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BY HEATHER DUBIN | The old and new are coming together at the Educational Alliance, as the former Lower East Side settlement house is moving toward completion of a $59 million renovation of its historic flagship building.
The project by the community-based nonprofit organization preserves the facade of its 197 East Broadway building, which — once the two-year-long gut rehab is finished — will house the Manny Cantor Center. The center will include a reception space for community events, a fitness floor, expanded senior and teen centers, an art school with light-filled studios, and ample room for early childhood education.
The new community center is slated to open early this winter.
Joanna Samuels, executive director of the Manny Cantor Center, spoke about the endeavor and its origins in a recent phone interview.
The center is named for Manny Cantor, who is the late father of Richard Cantor, an Educational Alliance board of trustees member.
“Manny Cantor came in 1921, at the age of 16, to New York,” Samuels said. “Like stories of immigration, he came here with nothing, started a business, became successful, and his son did too.”
The younger Cantor, she said, wanted to “honor the courage of his father of coming here and making a life.” In tribute to the memory of his dad, who died in 1952 at the young age of 47, Richard Cantor has been “an early and very robust, generous supporter of the project,” Samuels said. She added that the project has also been fortunate to receive “a wonderful combination” of funds from the government, foundations and private philanthropy.
“It’s an amazing building,” Samuels said. “Part of it is 123 years old, and part of it is 90 years old. The two buildings have been put together.”
While the East Broadway building and the other one, which backs onto Henry St. — where the Educational Alliance’s early childhood program is located — have always belonged to the organization, now they will be connected internally by hallways.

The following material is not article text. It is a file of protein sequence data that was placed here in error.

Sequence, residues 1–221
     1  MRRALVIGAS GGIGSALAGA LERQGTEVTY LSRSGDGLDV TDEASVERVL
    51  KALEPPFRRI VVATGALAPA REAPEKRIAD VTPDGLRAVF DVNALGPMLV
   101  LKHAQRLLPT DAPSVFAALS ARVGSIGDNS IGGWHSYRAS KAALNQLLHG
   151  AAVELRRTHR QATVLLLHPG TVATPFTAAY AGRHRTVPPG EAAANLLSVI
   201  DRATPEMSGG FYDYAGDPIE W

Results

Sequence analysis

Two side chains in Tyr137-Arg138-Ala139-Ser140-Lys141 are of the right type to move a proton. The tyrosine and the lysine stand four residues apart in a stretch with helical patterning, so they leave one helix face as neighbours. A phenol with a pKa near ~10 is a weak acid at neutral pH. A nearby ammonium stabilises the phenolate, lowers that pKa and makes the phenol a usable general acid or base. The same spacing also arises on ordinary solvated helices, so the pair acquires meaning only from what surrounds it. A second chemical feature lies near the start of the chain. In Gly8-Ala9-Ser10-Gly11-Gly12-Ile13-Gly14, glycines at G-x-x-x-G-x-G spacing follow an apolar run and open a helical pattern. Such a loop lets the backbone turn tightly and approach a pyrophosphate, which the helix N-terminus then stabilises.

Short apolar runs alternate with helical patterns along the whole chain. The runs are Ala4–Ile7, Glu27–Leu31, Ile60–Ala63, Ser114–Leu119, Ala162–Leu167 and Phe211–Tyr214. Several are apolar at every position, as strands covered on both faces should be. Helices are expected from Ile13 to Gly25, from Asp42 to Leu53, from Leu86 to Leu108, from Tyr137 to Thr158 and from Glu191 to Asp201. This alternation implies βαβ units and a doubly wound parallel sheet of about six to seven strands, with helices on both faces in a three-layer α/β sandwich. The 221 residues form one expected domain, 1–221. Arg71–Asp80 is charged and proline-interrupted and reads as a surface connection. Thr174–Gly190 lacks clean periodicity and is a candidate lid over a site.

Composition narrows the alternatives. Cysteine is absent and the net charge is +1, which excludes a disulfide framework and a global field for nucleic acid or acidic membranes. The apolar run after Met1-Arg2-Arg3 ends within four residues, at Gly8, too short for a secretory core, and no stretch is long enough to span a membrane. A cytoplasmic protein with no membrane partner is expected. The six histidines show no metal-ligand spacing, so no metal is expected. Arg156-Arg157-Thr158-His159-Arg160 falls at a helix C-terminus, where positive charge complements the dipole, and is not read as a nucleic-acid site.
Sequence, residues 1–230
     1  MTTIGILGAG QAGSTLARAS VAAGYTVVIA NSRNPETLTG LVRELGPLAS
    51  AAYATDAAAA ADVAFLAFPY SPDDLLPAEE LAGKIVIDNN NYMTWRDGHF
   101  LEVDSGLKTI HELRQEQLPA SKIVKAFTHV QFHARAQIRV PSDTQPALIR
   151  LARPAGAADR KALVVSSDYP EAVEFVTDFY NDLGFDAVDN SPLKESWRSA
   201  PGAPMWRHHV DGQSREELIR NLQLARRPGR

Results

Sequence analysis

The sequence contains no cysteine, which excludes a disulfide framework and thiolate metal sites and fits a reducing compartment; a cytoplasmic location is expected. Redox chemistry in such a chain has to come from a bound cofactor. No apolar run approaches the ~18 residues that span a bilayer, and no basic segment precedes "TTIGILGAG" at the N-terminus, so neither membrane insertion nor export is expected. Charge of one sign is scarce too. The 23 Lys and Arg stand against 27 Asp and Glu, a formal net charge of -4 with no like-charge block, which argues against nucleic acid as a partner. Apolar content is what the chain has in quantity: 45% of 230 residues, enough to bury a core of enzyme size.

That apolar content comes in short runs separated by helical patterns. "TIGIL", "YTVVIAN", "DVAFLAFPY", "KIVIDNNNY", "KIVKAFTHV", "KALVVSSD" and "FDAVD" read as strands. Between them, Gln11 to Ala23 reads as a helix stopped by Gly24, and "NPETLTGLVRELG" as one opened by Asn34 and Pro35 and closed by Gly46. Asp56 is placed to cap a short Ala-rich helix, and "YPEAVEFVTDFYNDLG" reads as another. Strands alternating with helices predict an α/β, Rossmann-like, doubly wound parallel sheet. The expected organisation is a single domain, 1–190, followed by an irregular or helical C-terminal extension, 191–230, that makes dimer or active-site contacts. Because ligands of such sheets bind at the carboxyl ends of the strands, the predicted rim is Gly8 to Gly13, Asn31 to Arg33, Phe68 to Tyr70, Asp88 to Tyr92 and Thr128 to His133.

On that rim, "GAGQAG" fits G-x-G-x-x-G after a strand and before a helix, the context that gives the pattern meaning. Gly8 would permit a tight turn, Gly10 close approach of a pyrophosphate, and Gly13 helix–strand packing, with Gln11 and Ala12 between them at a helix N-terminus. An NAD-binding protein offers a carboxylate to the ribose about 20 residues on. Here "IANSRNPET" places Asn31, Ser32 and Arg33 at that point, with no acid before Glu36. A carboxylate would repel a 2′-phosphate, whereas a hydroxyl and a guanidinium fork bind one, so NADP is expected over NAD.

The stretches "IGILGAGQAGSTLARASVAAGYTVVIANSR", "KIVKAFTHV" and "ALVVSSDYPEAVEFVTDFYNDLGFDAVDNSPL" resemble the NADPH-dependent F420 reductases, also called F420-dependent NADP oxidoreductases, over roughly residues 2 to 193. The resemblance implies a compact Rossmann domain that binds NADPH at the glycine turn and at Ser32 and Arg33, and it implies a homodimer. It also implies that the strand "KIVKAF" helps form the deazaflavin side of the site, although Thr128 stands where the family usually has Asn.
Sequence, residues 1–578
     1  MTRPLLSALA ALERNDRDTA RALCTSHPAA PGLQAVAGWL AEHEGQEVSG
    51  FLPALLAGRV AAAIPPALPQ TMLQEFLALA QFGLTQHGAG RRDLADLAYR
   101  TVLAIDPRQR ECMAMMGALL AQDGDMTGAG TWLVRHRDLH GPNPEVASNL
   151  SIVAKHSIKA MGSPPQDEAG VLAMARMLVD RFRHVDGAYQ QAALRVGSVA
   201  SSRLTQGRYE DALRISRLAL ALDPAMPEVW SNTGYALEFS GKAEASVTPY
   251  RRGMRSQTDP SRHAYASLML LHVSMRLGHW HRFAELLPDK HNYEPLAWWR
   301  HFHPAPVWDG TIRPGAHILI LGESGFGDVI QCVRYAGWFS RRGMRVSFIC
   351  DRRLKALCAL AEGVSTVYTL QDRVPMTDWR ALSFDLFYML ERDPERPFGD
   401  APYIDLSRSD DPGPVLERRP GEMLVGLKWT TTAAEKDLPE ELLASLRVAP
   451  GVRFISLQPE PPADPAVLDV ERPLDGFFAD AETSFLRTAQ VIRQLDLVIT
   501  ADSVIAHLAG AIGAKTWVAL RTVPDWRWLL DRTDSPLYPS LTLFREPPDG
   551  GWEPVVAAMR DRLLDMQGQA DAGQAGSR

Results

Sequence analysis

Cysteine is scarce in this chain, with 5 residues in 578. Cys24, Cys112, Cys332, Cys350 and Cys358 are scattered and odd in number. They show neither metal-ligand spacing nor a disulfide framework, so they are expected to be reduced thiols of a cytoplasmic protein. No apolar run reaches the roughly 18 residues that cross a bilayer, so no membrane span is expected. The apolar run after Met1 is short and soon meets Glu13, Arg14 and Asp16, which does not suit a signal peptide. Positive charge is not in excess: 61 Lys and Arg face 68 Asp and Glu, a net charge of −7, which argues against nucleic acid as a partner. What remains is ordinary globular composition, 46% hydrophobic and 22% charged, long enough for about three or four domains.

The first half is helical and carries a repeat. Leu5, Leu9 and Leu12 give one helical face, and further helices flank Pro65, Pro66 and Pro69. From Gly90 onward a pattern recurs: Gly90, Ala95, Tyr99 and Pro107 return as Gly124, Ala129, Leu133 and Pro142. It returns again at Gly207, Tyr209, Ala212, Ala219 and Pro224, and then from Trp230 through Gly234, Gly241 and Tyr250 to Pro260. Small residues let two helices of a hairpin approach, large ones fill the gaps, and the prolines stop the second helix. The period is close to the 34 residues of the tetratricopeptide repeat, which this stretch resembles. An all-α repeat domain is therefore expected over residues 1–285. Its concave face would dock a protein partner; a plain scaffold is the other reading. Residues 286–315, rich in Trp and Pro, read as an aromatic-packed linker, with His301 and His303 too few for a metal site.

“As you can imagine,” Samuel said, “at that age, lots of things in the buildings are not working as you would want them to be working.”
But the facade will remain intact.
“It’s magnificent,” she said. “It fits beautifully into the neighborhood, with incredible windows.
Inside, however, it will be a modern and “very state-of-the-art building,” she noted. “It will be much more amenable to the work we’re doing.”
Samuels started at the Educational Alliance a year ago while construction was already underway.
“I feel blessed to have walked into this,” she said.
The center’s top floor will feature a glassed-in space with open terraces for community gatherings and rentals.
“You can see the entire neighborhood and bridges. It’s beautiful,” Samuel said of the renovated rooftop space.
There will also be a catering kitchen with amenities. A 12,000-square-foot fitness floor will have two group exercise rooms, equipment and indoor cycling. Presale for fitness center memberships has already begun.
A floor will be devoted to the senior center, which Samuels described as “a vital piece of work we do in the community for older adults.”
Two floors will house early childhood education, including a private preschool and Head Start. There will be babysitting on another floor for those at the fitness center, and a centralized art school, which will attract teaching artists.
The basement will be for the teen center, with college preparation courses, after-school activities and recreation for teenagers in the neighborhood. There is also a College Access and Success program, with 222 people currently enrolled, where parents of children in Head Start can go to college on-site in the center while the kids are in class all day.
“It’s a dual-generation model,” Samuels explained. “Participants can take English classes, get their General Educational Development [G.E.D.], and then enroll in classes on-site with partnership Borough of Manhattan Community College.”
A large industrial kitchen will produce 300 to 400 kosher and vegetarian meals daily for the children and seniors, with a seating capacity of about 200 in a 3,500-square-foot dining space.
In the tradition and vision of the settlement house, Samuels wants the center to continue to serve and uplift its surrounding neighborhood in all its diversity — to help more “Manny Cantors” achieve their own American Dream.
“In a way, it’s how unremarkable his story is that makes it so worthy,” Richard Cantor said of his father. “It is not a story of great academic or professional accomplishment, but rather a lesson of how much can be achieved in a short period of time by setting a clear example of how life is to be lived, and passing it on from generation to generation.”